Enterprise cloud computing gaining ground

More than 80% of large enterprises are at least in the trial stages for public and private cloud computing deployments, although there is still significant confusion and concern about the definition of the concept, according to a survey conducted by Applied Research on behalf of application delivery networking company F5 Networks. Some 250 responses were received from companies with 2,500 or more employees.

Enterprises are being drawn to cloud computing by "the promise of an agile, scalable IT infrastructure and reduced costs". But widespread adoption is dependent on certain hurdles being overcome, primarily related to access, security and performance concerns. Jason Needham, Senior Director of Product Management at F5, noted: "as organizations turn to the cloud to increase IT agility, it is important for them to understand the technical components of the cloud and how the cloud will affect the network before developing an implementation strategy".

Just over half of respondents (51%) are using public cloud computing, with 18% implementing and 13% in trials -- only 1% were not already involved and had not plans to join their peers. The numbers were similar for private cloud computing: 45% are using, 22% implementing, and 16% are in trials -- and again just 1% are not interested.

Budgets are also reflecting the increase of cloud computing in the enterprise, with 66% of respondents now stating that they have dedicated budgets for this. Additionally, 71% expect cloud computing budgets to grow during the next two years. Key drivers for public cloud deployments were identified as efficiency (77%), reduced capital costs (68%) and easing staffing issues (61%).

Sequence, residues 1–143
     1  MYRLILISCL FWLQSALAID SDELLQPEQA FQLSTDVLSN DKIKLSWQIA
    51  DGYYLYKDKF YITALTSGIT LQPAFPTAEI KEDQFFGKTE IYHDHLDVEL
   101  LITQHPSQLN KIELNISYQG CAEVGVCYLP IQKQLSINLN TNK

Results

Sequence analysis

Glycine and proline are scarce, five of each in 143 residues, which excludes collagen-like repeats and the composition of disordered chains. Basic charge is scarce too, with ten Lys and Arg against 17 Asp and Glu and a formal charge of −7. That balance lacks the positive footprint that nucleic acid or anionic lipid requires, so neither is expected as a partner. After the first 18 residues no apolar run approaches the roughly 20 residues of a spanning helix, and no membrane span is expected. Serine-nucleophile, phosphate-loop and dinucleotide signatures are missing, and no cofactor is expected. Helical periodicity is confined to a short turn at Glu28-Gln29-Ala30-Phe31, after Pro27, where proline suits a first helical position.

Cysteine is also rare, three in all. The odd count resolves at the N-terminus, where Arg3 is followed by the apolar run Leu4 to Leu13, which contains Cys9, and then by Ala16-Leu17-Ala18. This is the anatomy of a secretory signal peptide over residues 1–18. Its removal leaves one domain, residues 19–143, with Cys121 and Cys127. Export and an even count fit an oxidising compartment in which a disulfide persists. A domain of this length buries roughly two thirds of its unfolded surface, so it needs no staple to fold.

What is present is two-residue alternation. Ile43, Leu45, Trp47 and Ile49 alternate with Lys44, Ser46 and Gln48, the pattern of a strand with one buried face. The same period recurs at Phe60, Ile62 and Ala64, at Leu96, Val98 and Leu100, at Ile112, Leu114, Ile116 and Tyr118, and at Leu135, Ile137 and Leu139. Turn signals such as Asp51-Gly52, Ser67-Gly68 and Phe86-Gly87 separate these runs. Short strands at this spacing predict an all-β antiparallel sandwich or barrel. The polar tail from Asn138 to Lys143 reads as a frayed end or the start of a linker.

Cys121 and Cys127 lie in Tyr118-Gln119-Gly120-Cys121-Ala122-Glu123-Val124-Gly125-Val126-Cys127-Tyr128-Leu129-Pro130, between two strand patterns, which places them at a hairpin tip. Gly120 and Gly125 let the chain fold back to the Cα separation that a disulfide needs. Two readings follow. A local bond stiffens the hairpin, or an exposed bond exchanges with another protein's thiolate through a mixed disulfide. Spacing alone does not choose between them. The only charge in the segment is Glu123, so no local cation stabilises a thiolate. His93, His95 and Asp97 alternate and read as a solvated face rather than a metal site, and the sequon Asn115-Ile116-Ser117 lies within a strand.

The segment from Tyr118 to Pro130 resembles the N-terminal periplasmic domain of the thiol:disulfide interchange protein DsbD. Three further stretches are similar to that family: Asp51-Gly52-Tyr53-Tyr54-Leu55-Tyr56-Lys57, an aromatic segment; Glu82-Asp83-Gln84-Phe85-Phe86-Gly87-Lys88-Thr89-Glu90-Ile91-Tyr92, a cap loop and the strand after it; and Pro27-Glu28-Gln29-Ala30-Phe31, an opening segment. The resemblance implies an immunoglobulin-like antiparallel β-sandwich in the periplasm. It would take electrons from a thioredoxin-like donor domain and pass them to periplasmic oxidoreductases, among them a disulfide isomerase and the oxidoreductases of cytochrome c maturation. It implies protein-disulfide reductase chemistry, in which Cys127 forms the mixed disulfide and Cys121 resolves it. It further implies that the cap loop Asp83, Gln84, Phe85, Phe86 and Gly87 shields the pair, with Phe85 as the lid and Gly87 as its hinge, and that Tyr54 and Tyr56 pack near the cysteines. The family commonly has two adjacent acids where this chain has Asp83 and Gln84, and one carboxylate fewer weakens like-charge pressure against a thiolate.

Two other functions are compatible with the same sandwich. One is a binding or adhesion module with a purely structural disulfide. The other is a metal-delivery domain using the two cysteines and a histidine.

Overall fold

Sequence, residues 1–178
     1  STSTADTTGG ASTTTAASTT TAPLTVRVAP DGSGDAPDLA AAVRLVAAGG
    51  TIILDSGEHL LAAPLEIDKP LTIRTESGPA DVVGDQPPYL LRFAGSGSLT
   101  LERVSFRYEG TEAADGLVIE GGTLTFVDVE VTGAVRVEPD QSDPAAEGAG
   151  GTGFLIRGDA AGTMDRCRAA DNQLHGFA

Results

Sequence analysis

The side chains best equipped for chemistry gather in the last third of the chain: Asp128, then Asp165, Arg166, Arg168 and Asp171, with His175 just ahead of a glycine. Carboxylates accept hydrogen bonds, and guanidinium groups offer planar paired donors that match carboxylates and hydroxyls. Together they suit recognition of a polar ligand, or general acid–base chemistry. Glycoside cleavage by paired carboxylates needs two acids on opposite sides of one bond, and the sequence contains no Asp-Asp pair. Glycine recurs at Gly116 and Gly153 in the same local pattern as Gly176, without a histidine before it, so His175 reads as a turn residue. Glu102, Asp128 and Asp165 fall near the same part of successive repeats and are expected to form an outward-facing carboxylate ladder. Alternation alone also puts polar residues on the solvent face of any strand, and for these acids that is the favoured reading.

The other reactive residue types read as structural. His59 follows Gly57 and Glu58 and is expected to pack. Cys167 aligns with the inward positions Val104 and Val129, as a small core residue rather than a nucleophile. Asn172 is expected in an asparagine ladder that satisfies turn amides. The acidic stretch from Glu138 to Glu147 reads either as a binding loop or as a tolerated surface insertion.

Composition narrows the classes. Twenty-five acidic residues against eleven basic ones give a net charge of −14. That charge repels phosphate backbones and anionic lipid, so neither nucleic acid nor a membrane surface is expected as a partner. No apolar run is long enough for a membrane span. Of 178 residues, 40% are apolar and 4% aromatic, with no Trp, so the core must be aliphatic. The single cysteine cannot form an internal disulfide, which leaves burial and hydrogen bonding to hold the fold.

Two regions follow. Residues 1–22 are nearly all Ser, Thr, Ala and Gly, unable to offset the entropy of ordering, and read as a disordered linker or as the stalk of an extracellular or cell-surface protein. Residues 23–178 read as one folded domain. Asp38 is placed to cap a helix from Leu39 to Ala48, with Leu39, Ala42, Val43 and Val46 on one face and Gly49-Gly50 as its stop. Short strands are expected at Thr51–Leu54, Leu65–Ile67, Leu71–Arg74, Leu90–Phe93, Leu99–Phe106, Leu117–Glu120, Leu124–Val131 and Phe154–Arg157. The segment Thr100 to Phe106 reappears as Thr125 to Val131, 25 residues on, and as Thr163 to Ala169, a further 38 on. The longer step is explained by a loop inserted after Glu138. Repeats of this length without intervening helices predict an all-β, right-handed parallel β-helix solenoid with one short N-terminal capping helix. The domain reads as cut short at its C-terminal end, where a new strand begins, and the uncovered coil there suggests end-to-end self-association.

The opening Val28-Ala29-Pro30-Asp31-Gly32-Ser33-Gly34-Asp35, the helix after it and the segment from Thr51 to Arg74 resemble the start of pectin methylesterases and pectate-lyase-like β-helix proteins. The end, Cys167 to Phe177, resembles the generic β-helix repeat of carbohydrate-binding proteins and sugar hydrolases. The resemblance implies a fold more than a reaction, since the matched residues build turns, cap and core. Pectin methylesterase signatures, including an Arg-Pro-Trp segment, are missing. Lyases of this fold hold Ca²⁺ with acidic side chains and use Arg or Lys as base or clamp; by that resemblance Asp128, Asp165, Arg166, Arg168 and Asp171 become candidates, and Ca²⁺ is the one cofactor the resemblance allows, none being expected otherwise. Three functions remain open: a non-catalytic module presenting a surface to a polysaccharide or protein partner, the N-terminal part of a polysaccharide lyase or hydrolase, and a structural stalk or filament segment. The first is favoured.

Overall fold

With increasing amounts of cash being pointed toward the cloud, IT managers are also examining critical enabling technologies: 90% named access control as "somewhat/very important", with 89% stating that security is a core technology, and 88% listing server and storage virtualisation as essential technologies in the cloud.

In terms of definition, when presented with six alternatives, respondents failed to identify any one which was "just right". A focus group did define an acceptable definition, but it ran to 83 words and three sentences.

Although software as a service (SaaS) was described as an important component of cloud computing, respondents ranked it lower on the importance list than "platform as a service" and "infrastructure as a service".

Anthony Plewes

After a Masters in Computer Science, I decided that I preferred writing about IT rather than programming. My 20-year writing career has taken me to Hong Kong and London where I've edited and written for IT, business and electronics publications. In 2002 I co-founded Futurity Media with Stewart Baines where I continue to write about a range of topics such as unified communications, cloud computing and enterprise applications.